The announcement made in Budget 2018 that employers would make an additional contribution to higher education funding was a welcome one. This is to be done through three annual increases of 0.1 per cent to the National Training Fund levy, bringing it from 0.7 per cent to 1 per cent.
This is in line with the recommendations of the Expert Group on the Future Funding of Higher Education, chaired by Peter Cassells. As a member of that group, I strongly argued that, as a major beneficiary of our higher education system, employers should contribute more to funding it.
However, what followed this announcement in the Budget speech was something that should worry all of us who care about the higher education sector in Ireland. It was suggested that the scheduled increases in Budget 2019 and 2020 would be contingent on “reforms” to the sector demanded by employers: “Employers have a central role in determining priorities for these sectors in 2018 and beyond. Therefore, the final two increases will be subject to the implementation of these necessary reforms.” What these reforms would entail remains unclear.
In the absence of clarity, this has set alarm bells off for many of us. What should have been a welcome development could in fact be deeply damaging for the sector.
In today’s globalised economy, the labour market is changing rapidly and, due to technological advancements, this pace of change continues to accelerate. Ten years ago, the front cover of Forbes magazine asked of Nokia: “One million customers. Can anyone catch the cellphone king?”
Today’s labour market needs cannot come at the expense of a holistic education, and we need well-balanced, flexible and responsive graduates, not a factory-style production line
We all know how that played out. When I graduated from my undergraduate degree in college in 2009, quantity surveying and construction management were among the most popular and sought-after courses amongst my friends and peers. Most of these graduated into a collapsed construction sector, which meant their fate was a return to college, emigration or the dole queue.
Nobody would argue that our education system needs to recognise labour market trends and to some degree take account of them. But these examples illustrate the folly in over-reliance on where today’s jobs are in our modern economy, when we need to be preparing graduates to face the challenges of tomorrow. Today’s labour market needs cannot come at the expense of a holistic education, and we need well-balanced, flexible and responsive graduates, not a factory-style production line.
It is not a criticism of employers to suggest that, when it comes to higher education, their focus is very heavily on the labour market. In fact, it is not only expected but necessary that any business owner’s first concern is their bottom line. Corporate executives must pay due attention to maximising shareholder value. But this is exactly why the people who should be shaping our higher education system are, undoubtedly, academics and students.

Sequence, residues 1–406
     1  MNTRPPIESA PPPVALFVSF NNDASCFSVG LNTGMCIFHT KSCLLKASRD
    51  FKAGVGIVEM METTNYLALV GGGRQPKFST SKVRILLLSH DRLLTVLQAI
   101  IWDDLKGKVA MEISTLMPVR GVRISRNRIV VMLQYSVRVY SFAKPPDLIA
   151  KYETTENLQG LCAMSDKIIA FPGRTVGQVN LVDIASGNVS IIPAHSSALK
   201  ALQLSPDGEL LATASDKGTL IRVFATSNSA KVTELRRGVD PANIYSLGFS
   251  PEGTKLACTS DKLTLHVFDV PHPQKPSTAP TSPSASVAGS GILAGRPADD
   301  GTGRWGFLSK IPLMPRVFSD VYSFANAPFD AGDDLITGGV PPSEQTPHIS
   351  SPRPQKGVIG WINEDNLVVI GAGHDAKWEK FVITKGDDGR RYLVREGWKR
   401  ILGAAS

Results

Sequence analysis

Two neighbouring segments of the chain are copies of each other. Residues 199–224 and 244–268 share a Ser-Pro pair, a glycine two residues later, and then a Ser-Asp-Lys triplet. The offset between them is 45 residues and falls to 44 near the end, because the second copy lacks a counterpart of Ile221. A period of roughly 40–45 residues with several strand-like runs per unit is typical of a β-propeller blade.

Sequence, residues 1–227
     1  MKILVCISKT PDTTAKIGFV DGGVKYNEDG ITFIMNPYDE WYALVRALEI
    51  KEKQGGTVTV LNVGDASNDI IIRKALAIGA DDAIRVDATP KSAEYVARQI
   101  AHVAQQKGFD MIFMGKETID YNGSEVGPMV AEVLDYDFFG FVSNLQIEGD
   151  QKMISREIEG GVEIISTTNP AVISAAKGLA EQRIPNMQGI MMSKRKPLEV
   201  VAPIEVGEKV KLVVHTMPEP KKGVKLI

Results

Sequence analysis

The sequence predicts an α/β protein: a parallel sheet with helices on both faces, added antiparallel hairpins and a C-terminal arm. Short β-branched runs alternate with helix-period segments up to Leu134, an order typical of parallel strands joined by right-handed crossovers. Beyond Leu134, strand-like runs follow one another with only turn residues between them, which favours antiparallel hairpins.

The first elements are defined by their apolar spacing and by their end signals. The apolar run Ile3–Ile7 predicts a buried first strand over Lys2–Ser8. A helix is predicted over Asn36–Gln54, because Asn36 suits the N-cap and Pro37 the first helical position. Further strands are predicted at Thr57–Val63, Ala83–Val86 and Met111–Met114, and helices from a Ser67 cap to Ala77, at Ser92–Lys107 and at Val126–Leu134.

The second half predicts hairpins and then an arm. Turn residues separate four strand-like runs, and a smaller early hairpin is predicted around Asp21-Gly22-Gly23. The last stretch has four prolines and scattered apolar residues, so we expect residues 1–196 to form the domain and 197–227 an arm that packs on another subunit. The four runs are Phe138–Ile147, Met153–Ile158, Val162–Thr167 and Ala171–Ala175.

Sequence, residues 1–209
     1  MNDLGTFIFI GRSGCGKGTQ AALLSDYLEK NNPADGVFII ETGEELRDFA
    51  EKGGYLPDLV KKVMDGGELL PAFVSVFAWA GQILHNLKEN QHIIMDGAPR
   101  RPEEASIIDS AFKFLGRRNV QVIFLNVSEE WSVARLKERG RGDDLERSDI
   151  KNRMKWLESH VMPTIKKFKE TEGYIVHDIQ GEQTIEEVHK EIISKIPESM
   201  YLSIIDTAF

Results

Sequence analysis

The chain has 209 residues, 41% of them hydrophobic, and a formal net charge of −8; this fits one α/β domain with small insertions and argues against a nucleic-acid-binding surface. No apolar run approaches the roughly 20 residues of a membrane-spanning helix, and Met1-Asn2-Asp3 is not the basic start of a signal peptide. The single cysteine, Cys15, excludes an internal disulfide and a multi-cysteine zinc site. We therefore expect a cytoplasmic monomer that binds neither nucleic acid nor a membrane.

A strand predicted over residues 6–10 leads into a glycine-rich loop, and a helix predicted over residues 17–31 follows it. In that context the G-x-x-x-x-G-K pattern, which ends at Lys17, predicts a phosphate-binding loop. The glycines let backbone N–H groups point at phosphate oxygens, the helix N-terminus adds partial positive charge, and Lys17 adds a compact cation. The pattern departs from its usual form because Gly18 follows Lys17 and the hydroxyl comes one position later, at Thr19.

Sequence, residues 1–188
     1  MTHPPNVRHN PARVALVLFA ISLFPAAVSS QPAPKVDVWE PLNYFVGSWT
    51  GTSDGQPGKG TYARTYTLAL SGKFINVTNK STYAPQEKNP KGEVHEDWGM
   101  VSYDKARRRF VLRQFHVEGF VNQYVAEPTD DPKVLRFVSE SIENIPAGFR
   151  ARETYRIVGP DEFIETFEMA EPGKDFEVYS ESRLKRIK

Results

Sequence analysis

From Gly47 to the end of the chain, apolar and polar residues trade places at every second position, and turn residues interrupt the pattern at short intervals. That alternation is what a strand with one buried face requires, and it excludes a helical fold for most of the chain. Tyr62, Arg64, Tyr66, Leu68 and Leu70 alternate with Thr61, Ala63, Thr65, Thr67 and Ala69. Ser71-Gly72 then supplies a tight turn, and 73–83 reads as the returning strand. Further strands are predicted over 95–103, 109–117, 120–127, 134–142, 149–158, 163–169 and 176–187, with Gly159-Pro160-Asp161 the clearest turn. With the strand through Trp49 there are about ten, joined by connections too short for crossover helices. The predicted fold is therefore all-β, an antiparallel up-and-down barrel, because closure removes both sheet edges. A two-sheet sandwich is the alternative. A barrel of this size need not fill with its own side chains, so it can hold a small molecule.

The reality is that this additional contribution from employers is long overdue, and the sector and state should not be held to ransom for employers to pay their fair share
The question is: what kind of influence to drive reforms does the Minister for Education, Richard Bruton, have in mind for employers? Is it influence over programmes, curriculums, modules or even content? Will greater specialisation be called for, when we know that broader entry routes help to combat poor retention rates? Will the graduate needs of businesses be put before the personal development of students, when college is formative and even transformative for so many young people?
The reality is that this additional contribution from employers is long overdue, and the sector and state should not be held to ransom for employers to pay their fair share. Employers in Ireland don’t just pay the second-lowest level of corporation tax in the EU at 12.5 per cent (recently surpassed by Hungary). What receives much less publicity and attention is that we have an extremely low rate of employers’ PRSI contribution. This low level of social insurance means that employees in Ireland have a very minimal “social wage”, which has a very negative impact on the in-work benefits and public services enjoyed by Irish workers.
The Coalition for Publicly Funded Higher Education is a coalition of six unions (IMPACT, SIPTU, USI, ISSU, TUI and IFUT) representing students and staff at both third level and second level, working together to campaign and advocate for significantly increased public investment in higher education. Like employers and their representatives, we are key stakeholders in our higher education system. Employers should be as consulted as we are, but not provided undue influence that undermines the integrity of academic freedom and disrupts industrial balance in the sector.
As chair of the coalition, I have written to Bruton and the Minister of State for Higher Education requesting a meeting to discuss these concerns. Yes, our primary goal is to see much-needed investment to address the funding crisis in higher education. But this cannot come at the expense of what makes higher education a fulfilling experience for students, one that prepares them not only for the world of work but for whatever life throws at them.